The Mormon Social Science Association (MSSA) invites proposals for individual papers, panels or author meets critics sessions for the 2019 annual conference, held conjointly with the meetings of the Society for the Scientific Study of Religion and the Religious Research Association (SSSR/RRA). We invite contributions on all topics relevant to the social scientific study of Mormonism, with special interest in those featuring multiculturalism, gender/sexuality, post-colonialism, and questions of disaffiliation/retention. Proposals should include a paper/panel title, a 250-word abstract, and the names, contact information, and institutional affiliation of all participants.
Submissions Open: January 25, 2019
Submissions Close: March 20, 2019
Decision Notification: April 30, 2018
Please submit proposals to Gordon Shepherd at: firstname.lastname@example.org
2019 MSSA KEYNOTE ADDRESS | We are delighted to announce that Dr. Laurie F. Maffly-Kipp, Archer Alexander Distinguished Professor at the John C. Danforth Center for Religion and Politics, will deliver the 2019 Vernon Lecture at the upcoming Annual Meeting in Saint Louis.
As an interdisciplinary and international association, the MSSA promotes the social scientific study of study of Mormonism and facilitates communication and collaboration among researchers, educators and students. Membership is open to all. We sponsor scholarly conferences, publications, panel discussions, paper sessions, and the biennial Glenn M. Vernon Lecture. Join us today. #MormonStudies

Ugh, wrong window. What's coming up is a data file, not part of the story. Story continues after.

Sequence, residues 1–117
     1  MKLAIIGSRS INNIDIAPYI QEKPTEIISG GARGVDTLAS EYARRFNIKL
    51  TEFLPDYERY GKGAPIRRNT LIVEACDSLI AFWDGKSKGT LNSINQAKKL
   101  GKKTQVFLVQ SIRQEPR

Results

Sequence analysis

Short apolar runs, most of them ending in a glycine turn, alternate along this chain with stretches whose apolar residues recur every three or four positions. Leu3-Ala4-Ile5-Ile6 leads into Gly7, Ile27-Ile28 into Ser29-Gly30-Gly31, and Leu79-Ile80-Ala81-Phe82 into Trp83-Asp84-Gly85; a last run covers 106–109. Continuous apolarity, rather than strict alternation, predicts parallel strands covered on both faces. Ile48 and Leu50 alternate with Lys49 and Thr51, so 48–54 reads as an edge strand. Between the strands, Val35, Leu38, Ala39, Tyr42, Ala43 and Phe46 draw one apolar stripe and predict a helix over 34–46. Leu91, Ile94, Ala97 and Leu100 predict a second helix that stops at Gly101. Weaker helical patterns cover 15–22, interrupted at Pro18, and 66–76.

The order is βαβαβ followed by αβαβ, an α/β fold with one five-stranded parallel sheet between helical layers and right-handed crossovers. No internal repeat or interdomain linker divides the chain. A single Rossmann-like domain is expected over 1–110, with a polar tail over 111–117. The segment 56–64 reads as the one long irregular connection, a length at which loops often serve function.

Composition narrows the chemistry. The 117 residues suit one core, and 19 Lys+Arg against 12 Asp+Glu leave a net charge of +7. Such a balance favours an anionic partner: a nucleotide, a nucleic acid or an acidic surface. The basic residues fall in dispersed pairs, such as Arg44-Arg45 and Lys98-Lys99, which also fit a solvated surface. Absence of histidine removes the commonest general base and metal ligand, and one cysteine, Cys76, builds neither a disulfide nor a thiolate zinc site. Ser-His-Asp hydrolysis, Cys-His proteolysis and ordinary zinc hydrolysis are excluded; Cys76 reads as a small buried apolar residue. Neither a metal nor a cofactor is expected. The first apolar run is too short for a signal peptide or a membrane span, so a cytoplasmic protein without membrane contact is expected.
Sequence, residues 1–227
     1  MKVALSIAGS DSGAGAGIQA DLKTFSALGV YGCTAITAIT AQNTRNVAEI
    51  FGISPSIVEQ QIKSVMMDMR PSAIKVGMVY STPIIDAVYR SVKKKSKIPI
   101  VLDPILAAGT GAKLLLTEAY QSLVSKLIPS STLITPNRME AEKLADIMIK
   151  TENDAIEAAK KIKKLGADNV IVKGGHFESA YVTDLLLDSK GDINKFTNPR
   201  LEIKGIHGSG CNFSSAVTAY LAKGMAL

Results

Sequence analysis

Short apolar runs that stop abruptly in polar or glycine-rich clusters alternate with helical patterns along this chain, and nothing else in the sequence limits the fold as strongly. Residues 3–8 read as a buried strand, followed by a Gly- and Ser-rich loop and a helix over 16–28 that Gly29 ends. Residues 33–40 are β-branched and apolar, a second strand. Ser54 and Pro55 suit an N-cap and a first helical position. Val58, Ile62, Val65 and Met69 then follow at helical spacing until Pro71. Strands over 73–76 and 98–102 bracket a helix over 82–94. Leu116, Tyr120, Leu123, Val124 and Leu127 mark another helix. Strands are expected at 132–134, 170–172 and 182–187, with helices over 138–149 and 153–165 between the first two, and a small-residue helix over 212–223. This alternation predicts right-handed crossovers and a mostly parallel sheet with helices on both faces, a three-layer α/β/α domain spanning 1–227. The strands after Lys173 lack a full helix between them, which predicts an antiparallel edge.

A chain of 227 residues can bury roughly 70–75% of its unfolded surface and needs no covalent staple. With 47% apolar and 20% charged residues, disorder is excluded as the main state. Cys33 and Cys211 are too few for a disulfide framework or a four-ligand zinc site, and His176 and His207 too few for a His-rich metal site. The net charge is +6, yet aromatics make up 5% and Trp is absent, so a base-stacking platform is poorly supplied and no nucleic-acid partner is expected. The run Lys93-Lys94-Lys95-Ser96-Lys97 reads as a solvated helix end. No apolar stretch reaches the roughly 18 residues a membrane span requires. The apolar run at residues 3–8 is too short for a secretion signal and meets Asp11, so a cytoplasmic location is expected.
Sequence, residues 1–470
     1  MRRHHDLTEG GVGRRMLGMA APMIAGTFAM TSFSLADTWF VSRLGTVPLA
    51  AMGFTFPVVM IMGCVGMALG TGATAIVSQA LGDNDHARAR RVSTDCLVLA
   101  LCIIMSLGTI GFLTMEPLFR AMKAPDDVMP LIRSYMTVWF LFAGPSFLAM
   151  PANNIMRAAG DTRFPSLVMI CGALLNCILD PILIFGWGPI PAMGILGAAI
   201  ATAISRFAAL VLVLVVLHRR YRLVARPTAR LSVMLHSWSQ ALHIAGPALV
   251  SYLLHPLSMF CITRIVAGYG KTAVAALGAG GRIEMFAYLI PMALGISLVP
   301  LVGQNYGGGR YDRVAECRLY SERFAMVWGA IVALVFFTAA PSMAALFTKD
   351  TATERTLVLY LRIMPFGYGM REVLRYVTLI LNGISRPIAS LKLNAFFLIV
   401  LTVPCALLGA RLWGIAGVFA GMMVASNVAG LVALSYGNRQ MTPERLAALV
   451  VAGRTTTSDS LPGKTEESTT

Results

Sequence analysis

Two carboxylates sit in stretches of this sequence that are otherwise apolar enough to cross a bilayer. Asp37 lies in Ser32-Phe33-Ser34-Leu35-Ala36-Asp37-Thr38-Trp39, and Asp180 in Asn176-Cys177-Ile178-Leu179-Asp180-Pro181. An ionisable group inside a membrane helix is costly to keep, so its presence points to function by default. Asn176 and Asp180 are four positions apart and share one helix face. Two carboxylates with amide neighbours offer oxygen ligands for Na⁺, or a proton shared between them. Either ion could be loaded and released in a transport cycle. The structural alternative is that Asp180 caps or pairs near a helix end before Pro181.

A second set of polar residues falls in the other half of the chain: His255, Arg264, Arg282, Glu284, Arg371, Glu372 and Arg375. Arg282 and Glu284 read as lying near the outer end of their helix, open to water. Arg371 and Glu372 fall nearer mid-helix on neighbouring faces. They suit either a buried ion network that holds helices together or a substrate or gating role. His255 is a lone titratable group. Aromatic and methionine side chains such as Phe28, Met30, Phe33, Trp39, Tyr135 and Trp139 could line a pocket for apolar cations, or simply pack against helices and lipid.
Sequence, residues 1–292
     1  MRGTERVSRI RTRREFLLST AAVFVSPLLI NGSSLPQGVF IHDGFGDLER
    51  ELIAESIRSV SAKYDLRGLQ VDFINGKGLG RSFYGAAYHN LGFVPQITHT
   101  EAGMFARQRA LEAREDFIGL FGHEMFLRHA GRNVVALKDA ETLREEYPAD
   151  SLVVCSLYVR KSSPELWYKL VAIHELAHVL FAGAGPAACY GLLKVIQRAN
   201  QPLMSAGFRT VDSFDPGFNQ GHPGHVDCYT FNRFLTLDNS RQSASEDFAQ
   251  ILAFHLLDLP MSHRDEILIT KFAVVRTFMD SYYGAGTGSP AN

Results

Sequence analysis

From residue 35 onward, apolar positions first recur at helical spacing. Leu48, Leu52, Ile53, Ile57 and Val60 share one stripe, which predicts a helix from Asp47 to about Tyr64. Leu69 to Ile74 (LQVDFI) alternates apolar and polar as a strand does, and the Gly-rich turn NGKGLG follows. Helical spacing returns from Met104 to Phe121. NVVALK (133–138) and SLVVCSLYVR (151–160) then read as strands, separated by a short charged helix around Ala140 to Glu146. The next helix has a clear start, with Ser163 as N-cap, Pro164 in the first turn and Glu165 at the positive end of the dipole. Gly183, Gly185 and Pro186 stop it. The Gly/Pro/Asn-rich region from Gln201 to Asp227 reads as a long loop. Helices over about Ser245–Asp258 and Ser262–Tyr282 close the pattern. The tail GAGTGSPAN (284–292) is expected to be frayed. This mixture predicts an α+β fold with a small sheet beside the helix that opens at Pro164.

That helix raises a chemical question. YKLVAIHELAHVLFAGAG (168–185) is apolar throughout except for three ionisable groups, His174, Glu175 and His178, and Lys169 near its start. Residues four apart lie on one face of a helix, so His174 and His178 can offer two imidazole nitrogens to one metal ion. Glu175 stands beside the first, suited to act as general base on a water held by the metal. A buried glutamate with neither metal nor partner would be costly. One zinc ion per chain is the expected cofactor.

Mormon Social Science Association Annual Meeting
Join us for the Annual Meeting of the MSSA, October 26-28, 2018 at the Tropicana Hotel in Las Vegas, Nevada. Click on the PDF link above for an “At a Glance” conference line-up.
The MSSA gathering is held annually in conjunction with the Society for the Scientific Study of Religion and the Religious Research Association (SSSR + RRA). The full program for #SSSR2018LV is available online here.
The next speaker in the Arrington Lecture Series at Utah State University will be Walter B. Rudolph, the program director of KBYU-FM. The lecture is September 28th, 2017, at 7:00 pm in the Logan LDS Tabernacle. Announcement is available here.
Please see this PDF and the flyer below (click for full-size) for more information on the 21st Annual Arrington Lecture.
If you need another reason to attend the 2013 Society for the Scientific Study of Religion meetings in Boston, where the MSSA also meets, attending the Glenn Vernon Lecture is a pretty good one. The Glenn Vernon Lecture will be given by Laurel Thatcher Ulrich, the Pulitzer-prize winning author and Harvard scholar. Her lecture is titled, “A House Full of Females: Faith and Family in Nineteenth-Century Mormon Diaries.” It promises to be an excellent presentation.
Working with the Faith Communities Today, a case study was recently published that details the inner workings of a Young Single Adult Ward in Herriman, UT. You can download the report here.
The latest Leonard J. Arrington lecture by Gregory A. Prince has been announced. See the full announcement here.